Cllr Clendennen concluded by stating the sheer frustration among the local community with the multiple prolonged delays for over a decade in the development of Birr Primary Centre Centre. ‘I acknowledge that this hasn’t always been due to the influence of the HSE, but at this point I firmly believe people deserve to know the reasons for yet another delay as well as the proximity and zoning which may impact on a realistic timeline for delivery of this much needed investment in local healthcare services, the councillor added.

Responding to Cllr Clendennen's questions, Niall Colleary, Estates Department of the HSE, confirmed the HSE weren't in a position to give details of the submissions yet. “In terms of the three submissions, we are not in a position to share this at the minute.... When we are at the time when we can share.... we will but currently we are not at the moment,” he replied.

Mr Ruane acknowledged the conversation around the Rectory field site. However, he said that the project has moved from there after the GPs communicated to the HSE in Autumn 2020 that for their own reasons they didn't “consider the Rectory Field a proposition for them” and it was here that the stage 3 process was triggered again by the HSE.

Cllr Peter Ormond welcomed the news that the GPs were on board with the project and there were three applicants looking to deliver a PCC in Birr. “ I think the timeframe is in place and we need to be looking at the steps and that we have this in place then we would know what steps are in place to deliver PCC in Birr,:” the councillor continued.

Mr Ruane replied: “ In terms of services that will be provided I am actually delighted to share that with you. The big thing is that all the HSE services that are in Birr will all be one roof. And, under this same roof will be the GPs.”

Cllr John Carroll outlined his continued frustrations at the situation. “I am very frustrated and if not a bit cynical on how the HSE has worked on delivering a PCC for the town of Birr,” he said.

“What should have been a very straightforward process, either provided directly or by a private developer, has ended up in a shambles. To tolerate this, over four or five years, to change land at a whim, regardless, has to be looked at carefully,” he stressed.

Cllr Carroll then questioned the HSE on their marking system for submissions made by developers, saying to “me nothing has been learnt from our past mistakes”.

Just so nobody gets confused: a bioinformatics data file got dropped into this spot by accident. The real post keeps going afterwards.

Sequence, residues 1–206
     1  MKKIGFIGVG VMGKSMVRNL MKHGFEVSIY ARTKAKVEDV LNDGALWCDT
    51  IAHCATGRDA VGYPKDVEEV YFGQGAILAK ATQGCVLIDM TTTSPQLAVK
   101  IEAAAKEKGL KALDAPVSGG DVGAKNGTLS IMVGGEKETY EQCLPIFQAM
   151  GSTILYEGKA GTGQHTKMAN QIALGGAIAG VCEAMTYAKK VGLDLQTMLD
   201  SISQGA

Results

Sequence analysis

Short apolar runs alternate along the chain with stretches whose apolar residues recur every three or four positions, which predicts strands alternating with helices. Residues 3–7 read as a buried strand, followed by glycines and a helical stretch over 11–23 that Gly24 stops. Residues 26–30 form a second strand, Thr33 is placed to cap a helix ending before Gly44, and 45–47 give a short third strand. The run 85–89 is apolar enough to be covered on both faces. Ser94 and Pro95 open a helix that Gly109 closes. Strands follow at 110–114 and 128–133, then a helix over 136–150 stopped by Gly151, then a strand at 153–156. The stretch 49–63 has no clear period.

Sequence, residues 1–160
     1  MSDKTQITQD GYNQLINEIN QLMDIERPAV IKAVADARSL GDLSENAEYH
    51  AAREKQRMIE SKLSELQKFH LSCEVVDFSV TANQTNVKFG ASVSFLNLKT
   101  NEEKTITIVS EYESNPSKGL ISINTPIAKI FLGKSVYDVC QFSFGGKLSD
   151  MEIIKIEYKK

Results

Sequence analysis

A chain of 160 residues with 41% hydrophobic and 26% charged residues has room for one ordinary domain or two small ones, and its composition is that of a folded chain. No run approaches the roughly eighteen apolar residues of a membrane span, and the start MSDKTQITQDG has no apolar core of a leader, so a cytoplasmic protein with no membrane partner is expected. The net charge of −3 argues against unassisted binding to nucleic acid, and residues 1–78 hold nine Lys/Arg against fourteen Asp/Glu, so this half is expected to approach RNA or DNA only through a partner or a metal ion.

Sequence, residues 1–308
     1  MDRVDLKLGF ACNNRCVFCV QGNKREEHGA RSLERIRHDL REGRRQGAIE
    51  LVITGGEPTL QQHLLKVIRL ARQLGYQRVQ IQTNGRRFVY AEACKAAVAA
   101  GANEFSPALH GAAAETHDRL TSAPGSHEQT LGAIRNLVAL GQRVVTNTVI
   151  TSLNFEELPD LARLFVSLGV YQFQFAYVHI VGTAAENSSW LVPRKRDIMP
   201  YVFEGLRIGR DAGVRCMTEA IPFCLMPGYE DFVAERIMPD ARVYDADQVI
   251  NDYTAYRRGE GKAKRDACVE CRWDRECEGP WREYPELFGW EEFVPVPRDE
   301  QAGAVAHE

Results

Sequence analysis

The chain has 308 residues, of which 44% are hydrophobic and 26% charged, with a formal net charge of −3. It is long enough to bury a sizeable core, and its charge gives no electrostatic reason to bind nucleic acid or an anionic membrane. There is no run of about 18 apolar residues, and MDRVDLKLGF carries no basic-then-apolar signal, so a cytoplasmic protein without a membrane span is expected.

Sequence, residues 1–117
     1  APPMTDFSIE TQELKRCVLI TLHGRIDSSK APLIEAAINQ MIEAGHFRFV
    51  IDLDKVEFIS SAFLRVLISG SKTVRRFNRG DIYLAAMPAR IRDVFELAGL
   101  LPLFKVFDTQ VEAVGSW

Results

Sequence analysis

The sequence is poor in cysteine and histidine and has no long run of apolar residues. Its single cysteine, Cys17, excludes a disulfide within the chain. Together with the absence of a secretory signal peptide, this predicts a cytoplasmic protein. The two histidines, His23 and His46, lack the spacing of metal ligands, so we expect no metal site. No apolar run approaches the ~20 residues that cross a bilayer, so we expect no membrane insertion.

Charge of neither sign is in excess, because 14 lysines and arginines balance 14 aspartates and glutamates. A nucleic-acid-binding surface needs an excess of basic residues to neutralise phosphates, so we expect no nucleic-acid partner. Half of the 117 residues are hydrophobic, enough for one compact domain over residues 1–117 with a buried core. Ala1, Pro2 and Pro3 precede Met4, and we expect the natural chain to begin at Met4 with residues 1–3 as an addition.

He also asked in the new model being put forward, do the tenants not work directly for the HSE, do they pay rent to the HSE or is there an arrangement with the developer of the property.

The councillor also quizzed the officials about whether a timeline would be put in place, taking into consideration planning for the project, because “the last one there was no time line for it”. Later, Cllr Carroll asked who took the decision when the GPs didn't come on board to “reverse to the original model” for the project.

Mr Ruane pointed out to Cllr Carroll that without the GPs on board there is no PCC. “If the GPs are not involved the HSE will not be investing in a PCC.... When we are advertising for interest, different parties can go to the GPs, a third party and say I am looking to develop this and would you [the doctors] be prepared to move in. That is stage 1....... Ultimately then, it comes to the HSE to go through the criteria but our arrangement is with the third party and the third party then has distinct arrangements with the Gps or the other tenants of the PCC.”

Wrapping the meeting up, Cllr John Leahy, an Cathaoirleach of Birr Municipal District, stated: “In terms of where we are, I can see where you [the HSE] is coming from. I think there is a same bit of divide. I know that your staff put a lot of work into the rugby field project and it looked like that we rejected that. That was regrettable but we were looking at it in terms of the fabric of Birr. It proceeded to go ahead and you put the foot to the floor and went ahead again.”

“It is clear that you are committed to a PCC in Birr regardless of the hurdles. However, the Rectory Field is clouding it a small bit. It is quite clear today that ye have a process and a marking system and ye have GPs to bring along with ye and the Rectory field decision now makes sense. So, really truly and thank you for your time and effort as this is only one of many meetings.”

After the HSE left the meeting, the councillors took the decision to write to the Health Service Executive again to find out “exactly what the next stage is going to be” and to request they be kept informed on when the site selection will happen and when this information will be made available to them “We shouldn't have to hear it on the street,” Cllr Carroll re-iterated.